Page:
Not only does the theology of spiritual formation aim at the wrong target, spiritual formation seeks the wrong kind of change.
What is spiritual formation?
The theology of spiritual formation assumes I can transform myself from a position of lesser spirituality to a position of greater spirituality through “spiritual disciplines” like fasting, routine prayer, meditation, quiet times, church attendance, service, etc. While spiritual disciplines focus on success at outward righteous behavior, the Bible teaches that the goal of spiritual maturity is a strong unshakeable faith.
Additionally, biblical spiritual maturity is an inward reality; not an outward reality. Spiritual disciplines can only change outward reality.
An “outward reality” is something I put on like an actor. Most spiritual disciplines are outward behaviors (e.g. fasting, routine prayer, meditation, etc) that I practice on the outside with the goal of changing who I am on the inside.
Others are also outward but not obviously so. For instance, creating emotions of grief through contemplation, music, or readings is an outward reality while genuine grief over my sin is an inward reality. Making time in my schedule to thank God is an outward reality while genuine gratitude toward God is an inward reality. That raises two questions:
First, having changed your outward practices, have you done enough? No, if changing my outward behavior is sufficient, then the Mosaic law would have worked and we would have no need for a savior. Most people can improve outward behavior with enough time and effort. That kind of change does not require the Spirit of God and does not change my basic sinful nature.
Second, does outward change produce genuine inward belief and spiritual maturity?
Do outward practices produce genuine inward maturity?
Advocates of Spiritual Formation claim outward change necessarily leads to inward change usually for one of three reasons.
1) One theory is what I call the “gravity” explanation. These folks claim outward practices inevitably produce inward change like gravity inevitably makes objects fall. So they claim fasting effects my biology to make me more sensitive to hear word of God; routine prayer naturally relieves stress and promotes gratitude; rest and contemplation fit our natural biological rhythms which increase joy and contentment, etc.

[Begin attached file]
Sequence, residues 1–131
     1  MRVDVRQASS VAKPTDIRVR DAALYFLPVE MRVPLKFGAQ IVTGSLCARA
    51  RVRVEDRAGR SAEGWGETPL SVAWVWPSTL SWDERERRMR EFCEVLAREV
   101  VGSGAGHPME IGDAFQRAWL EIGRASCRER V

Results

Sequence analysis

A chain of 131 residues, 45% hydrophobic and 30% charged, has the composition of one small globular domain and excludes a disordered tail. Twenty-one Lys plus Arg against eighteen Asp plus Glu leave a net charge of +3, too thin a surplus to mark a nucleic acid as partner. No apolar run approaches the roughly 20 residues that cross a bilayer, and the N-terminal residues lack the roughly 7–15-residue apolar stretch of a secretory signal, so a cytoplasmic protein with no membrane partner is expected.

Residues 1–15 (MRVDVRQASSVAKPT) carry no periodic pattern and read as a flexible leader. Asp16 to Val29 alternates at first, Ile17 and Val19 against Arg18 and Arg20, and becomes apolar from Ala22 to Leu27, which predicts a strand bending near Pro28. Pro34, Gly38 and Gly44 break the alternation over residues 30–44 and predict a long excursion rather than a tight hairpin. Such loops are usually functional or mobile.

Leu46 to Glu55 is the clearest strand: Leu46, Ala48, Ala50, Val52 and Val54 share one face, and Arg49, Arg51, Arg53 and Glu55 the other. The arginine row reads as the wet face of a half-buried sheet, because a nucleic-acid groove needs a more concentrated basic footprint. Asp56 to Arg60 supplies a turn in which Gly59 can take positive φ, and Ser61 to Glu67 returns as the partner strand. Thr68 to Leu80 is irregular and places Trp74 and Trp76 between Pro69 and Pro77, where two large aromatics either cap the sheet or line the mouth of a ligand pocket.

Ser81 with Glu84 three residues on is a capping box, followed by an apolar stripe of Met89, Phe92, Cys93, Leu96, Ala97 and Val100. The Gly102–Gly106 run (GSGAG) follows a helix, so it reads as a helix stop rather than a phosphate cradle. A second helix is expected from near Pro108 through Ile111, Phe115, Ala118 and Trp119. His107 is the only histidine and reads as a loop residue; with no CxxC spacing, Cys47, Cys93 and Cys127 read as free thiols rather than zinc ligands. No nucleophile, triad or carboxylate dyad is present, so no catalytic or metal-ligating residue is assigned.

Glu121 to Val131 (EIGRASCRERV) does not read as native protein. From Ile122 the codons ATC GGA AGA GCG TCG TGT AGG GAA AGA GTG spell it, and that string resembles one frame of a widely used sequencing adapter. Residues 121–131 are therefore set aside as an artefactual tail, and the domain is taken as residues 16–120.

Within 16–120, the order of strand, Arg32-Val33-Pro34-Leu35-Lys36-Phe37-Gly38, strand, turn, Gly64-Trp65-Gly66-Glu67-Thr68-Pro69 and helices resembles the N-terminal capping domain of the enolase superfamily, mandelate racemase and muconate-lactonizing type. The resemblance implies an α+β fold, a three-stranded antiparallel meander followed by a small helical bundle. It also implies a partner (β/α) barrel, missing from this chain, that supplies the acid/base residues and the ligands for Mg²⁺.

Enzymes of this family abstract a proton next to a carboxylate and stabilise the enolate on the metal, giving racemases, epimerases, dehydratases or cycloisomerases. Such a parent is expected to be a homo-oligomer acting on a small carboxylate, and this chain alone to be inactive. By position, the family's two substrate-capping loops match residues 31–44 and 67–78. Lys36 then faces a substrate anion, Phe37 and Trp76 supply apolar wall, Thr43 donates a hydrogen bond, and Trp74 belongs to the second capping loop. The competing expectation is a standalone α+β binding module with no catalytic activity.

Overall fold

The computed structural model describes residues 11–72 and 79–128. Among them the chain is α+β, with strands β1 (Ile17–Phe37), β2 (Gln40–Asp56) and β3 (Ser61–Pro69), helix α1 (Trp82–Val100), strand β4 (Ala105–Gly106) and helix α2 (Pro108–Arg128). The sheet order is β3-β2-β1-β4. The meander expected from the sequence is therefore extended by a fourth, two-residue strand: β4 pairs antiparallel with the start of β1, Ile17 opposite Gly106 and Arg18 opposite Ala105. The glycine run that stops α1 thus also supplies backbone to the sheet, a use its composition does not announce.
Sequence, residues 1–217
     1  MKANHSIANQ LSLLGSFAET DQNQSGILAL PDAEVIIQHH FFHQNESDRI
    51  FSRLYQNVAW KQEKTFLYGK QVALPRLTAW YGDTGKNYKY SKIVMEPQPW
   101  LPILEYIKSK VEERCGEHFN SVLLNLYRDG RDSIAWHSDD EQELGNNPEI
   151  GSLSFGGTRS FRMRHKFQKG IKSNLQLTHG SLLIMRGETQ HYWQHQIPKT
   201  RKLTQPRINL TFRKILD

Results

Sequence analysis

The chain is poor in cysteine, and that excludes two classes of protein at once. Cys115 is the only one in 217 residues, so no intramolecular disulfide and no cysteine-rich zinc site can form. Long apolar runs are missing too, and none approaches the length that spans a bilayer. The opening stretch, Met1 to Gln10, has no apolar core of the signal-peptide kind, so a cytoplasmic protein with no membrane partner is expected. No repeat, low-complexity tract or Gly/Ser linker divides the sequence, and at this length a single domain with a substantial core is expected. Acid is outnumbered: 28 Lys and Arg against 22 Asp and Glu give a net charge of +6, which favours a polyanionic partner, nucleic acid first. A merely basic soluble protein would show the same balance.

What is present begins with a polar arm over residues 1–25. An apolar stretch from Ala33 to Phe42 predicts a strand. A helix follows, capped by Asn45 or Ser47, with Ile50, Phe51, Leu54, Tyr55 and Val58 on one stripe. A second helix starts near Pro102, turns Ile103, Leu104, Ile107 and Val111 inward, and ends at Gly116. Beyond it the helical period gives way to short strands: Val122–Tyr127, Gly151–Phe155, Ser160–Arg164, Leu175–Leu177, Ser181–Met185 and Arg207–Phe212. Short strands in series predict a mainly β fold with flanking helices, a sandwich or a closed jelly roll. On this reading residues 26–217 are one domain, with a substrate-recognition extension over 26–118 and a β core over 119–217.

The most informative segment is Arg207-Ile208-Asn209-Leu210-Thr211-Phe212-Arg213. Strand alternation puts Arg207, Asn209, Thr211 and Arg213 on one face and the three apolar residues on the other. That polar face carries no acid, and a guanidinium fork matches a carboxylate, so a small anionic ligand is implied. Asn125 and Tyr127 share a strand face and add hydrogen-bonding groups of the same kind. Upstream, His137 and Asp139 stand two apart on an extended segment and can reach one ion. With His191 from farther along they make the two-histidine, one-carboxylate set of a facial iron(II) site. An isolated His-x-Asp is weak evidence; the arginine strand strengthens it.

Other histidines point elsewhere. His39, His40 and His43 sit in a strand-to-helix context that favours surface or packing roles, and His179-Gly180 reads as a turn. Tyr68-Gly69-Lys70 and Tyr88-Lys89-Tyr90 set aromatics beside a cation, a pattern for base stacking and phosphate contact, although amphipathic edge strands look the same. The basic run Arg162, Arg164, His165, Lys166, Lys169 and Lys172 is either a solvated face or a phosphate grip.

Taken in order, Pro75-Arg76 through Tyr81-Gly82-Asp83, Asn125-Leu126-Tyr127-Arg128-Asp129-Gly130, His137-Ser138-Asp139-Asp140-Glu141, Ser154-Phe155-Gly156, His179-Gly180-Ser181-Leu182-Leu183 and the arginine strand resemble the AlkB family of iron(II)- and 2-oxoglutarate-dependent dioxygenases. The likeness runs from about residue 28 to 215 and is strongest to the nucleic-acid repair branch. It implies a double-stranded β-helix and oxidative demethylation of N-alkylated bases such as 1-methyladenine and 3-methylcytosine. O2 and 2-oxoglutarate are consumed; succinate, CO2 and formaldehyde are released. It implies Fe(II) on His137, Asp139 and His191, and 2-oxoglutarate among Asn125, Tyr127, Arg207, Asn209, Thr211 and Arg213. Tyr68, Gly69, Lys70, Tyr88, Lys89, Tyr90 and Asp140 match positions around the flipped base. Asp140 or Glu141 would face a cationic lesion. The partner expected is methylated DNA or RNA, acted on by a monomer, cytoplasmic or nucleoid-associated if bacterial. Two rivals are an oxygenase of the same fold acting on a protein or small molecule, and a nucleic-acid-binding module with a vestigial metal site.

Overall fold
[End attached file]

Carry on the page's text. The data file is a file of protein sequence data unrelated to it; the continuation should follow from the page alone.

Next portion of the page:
2) Others claim spiritual practices work because of supernatural laws, not natural laws like gravity. Thus, reading the bible and memorizing scripture will make me more godly because God has supernaturally made it so. One speaker even argued that memorizing Scripture is like water running through a funnel. The water purifies the funnel as it passes through regardless of whether the water is retained or not; similarly Scripture running through my mind changes me regardless of whether I understand it because reading Scripture is a supernaturally blessed activity.
3) Finally, some claim spiritual practices work through divine blessing, not natural or supernatural laws. They claim God blesses my spiritual disciplines in response to the fact that I have sought to please him. Essentially, God said “do this (pray, tithe, fast, meditate, fill in the blank) and I will bless you.” We act and He blesses in response.
I would argue the Bible teaches that spiritual maturity is an inward reality which is impossible to achieve through self-effort or outward disciplines.
Spiritual maturity is strictly a gift which God gives by His grace, on His timetable, according to His plan, independent of any practices I practice. If He wishes, He can use my outward practices; or if He wishes, He can work in spite of my practices or lack thereof. When I grow in spiritual maturity, it is because God has made it happen as a gift of His grace.
Consider Colossians 2
If with Christ you died to the elemental spirits of the world, why, as if you were still alive in the world, do you submit to regulations– “Do not handle, Do not taste, Do not touch” (referring to things that all perish as they are used)–according to human precepts and teachings? These have indeed an appearance of wisdom in promoting self-made religion and asceticism and severity to the body, but they are of no value in stopping the indulgence of the flesh. – Colossians 2:20-23
The Apostle Paul claims in Colossians 2 that while rules, regulations and practices seem holy and wise, in the end they have no value because they do not and cannot produce inward change.
Some false teaching had crept into the Colossian church which claimed true spirituality was found in rules and asceticism. Paul urges them to hold fast to the gospel they first believed and not be taken in by other ideas cooked up by men. The other ideas seem wise and attractive, but they have no value in solving the problem of sin.
Spiritual disciplines dangle the promise of making it possible for me to do what I can not do: make myself acceptable to God. But practices can never do that. That misguided promise makes Spiritual Formation attractive and gives it the “appearance of wisdom.” But changing my outward reality cannot change my sinful nature, and my sinful nature is what needs changing.
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